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Another worked example
Posted By: Timothy Chow
Date: Sunday, 16 October 2016, at 10:48 p.m.
In Response To: The Backgammon Solution (Rick Janowski)
Let's ignore the fact that money comes in discrete multiples of 1 cent and suppose that the prior probability of the smaller prize being £P obeys an exponential distribution with mean P = 1000. Formally, this means that the probability density function is e^{–P/1000}/1000. Informally, this means that, before you open any envelopes, the prize money could in principle be arbitrarily large, but it will be exponentially unlikely to be that large, and on average, it will be £1000.
After you open the envelope and observe £Q, you're now down to two cases: Either P = Q or P = Q/2. In the former case, if you switch, you gain £Q, and in the latter case, if you switch, you lose £Q/2. The relative probabilities of the two cases are e^{–Q/1000}/1000 and e^{–Q/2000}/1000. So to find the breakeven point, you have to solve the equation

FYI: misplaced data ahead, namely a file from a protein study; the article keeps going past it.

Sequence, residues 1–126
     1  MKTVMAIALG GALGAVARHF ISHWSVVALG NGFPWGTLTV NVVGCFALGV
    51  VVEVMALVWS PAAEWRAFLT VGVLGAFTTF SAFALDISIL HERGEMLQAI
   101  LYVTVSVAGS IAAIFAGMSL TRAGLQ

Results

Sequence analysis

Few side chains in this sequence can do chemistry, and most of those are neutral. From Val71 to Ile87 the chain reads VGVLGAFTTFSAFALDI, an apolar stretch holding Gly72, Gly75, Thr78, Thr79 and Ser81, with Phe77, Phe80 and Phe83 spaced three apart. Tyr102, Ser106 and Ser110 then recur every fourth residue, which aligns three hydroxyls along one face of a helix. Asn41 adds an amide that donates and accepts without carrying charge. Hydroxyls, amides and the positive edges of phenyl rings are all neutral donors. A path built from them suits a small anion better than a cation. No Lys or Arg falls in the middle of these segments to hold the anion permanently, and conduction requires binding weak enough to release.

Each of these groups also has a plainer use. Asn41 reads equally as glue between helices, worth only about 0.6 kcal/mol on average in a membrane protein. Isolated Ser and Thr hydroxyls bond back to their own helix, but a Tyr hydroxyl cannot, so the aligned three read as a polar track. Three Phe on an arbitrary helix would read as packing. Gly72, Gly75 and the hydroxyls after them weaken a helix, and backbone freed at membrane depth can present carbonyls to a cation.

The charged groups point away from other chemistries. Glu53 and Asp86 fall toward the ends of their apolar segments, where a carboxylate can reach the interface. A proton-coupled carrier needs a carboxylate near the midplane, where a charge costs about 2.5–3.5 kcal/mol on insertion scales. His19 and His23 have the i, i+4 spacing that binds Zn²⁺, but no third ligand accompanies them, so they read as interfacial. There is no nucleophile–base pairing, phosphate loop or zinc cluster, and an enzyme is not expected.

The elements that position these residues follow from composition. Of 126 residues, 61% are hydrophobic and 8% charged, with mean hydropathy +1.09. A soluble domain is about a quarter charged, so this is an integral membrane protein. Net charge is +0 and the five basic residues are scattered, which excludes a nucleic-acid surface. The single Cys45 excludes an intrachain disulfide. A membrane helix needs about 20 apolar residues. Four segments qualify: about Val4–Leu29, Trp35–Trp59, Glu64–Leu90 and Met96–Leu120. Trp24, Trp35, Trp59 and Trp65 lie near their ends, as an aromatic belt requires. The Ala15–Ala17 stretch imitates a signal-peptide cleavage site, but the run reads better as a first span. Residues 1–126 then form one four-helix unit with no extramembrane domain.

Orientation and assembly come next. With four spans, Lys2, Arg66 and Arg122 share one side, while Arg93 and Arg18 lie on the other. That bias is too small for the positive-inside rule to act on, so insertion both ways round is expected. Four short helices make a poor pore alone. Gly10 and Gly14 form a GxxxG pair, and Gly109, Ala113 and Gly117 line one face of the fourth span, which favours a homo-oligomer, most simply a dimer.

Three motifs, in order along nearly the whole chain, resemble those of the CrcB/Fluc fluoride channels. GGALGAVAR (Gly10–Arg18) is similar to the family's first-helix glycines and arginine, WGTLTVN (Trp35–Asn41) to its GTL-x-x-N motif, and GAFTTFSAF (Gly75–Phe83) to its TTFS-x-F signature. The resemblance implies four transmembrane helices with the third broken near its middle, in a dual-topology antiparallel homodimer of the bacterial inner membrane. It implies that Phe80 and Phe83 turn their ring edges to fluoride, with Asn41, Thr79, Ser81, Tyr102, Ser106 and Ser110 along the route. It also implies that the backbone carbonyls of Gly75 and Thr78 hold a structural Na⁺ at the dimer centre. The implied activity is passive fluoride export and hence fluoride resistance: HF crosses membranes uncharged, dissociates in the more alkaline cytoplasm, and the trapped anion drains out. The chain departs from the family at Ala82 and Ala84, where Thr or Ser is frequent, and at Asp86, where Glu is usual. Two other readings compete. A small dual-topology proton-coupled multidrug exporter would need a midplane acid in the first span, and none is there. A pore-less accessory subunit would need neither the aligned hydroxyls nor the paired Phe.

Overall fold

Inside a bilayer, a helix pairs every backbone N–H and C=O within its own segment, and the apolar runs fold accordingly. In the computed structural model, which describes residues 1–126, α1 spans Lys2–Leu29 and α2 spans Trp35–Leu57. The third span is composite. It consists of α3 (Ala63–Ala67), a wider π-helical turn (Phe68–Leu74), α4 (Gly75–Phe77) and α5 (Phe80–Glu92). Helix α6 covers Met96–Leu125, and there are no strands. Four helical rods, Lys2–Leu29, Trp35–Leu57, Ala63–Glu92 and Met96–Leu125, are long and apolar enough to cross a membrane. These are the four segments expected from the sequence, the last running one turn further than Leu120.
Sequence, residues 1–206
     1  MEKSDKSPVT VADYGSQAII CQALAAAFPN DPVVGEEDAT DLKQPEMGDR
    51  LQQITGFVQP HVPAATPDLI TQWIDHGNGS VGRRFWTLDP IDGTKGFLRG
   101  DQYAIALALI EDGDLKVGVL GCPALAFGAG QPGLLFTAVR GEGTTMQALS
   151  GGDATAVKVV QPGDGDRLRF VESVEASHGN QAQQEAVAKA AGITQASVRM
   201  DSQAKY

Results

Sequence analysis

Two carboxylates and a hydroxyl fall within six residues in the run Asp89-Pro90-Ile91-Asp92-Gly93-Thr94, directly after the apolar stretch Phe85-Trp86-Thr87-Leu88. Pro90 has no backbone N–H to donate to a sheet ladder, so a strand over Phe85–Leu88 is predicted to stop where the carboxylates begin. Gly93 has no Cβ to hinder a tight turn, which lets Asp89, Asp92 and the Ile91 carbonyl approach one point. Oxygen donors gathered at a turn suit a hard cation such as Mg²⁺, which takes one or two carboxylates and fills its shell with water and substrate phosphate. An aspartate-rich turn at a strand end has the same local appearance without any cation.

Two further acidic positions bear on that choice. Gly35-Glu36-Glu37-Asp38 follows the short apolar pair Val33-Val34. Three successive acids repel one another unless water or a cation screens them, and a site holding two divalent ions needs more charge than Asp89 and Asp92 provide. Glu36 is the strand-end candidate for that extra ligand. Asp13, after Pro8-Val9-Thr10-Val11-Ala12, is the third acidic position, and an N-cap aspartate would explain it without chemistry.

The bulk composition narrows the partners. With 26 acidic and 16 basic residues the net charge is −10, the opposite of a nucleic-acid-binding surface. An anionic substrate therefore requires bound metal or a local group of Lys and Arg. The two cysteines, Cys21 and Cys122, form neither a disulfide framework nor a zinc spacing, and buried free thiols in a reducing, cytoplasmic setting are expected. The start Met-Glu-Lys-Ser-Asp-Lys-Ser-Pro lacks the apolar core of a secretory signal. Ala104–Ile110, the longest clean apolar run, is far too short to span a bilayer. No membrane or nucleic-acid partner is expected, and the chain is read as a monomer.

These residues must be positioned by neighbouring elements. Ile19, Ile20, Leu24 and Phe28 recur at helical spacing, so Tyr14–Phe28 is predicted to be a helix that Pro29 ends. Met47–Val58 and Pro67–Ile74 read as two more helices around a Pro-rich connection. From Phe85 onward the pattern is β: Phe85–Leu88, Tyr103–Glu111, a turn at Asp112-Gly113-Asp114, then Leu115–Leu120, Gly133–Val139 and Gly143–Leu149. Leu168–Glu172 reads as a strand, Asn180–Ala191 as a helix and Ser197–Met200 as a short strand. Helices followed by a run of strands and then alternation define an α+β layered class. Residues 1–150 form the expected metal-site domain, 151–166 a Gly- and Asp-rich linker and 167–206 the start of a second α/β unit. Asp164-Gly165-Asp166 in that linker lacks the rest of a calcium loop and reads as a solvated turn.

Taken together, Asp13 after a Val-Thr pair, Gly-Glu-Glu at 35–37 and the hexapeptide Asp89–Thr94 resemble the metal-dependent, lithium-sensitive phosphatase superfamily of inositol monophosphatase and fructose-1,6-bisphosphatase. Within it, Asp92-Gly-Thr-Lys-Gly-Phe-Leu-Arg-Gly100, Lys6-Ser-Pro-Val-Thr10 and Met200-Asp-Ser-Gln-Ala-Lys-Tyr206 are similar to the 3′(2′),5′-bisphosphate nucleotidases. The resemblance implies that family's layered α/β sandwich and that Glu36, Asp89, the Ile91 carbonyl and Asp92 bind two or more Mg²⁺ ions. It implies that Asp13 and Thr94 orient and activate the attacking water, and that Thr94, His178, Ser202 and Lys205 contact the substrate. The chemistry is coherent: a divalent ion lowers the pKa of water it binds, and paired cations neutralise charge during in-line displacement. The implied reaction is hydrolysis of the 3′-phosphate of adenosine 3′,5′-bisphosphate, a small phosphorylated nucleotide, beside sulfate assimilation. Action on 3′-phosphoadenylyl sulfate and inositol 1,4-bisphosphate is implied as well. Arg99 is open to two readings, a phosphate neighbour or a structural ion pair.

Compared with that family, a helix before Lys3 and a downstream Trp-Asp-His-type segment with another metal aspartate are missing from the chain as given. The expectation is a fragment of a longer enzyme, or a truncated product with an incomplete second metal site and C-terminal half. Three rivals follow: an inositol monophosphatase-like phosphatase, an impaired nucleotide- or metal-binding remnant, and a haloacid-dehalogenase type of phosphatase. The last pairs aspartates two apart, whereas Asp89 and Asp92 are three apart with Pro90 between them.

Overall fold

Qe^{–Q/1000}/1000 = (Q/2)e^{–Q/2000}/1000.
Numerically, one finds that the answer is about 1386.29. So you should switch if the amount you observe is less than this and you should not switch if the amount you observe is greater than this.
Of course there's no reason to believe this particular probability distribution; it's just an example. But presumably, most plausible probability distributions will have the general form of falling off smoothly as the prize amount gets larger. In such cases the rule will be to switch if the observed amount of money is below some threshold and to not switch if the observed amount of money is above some threshold. The actual value of the threshold is going to depend on just how unlikely you think it is that the prize money will be extremely high.
It would be more aesthetically pleasing if there were some plausible way to argue for always switching, and get rid of that annoying threshold, since its value depends on contingent features of the real world like how much disposable income people really have. However, I know of no way to construct such an argument. Any reasonable probability distribution that you postulate is going to have some threshold.

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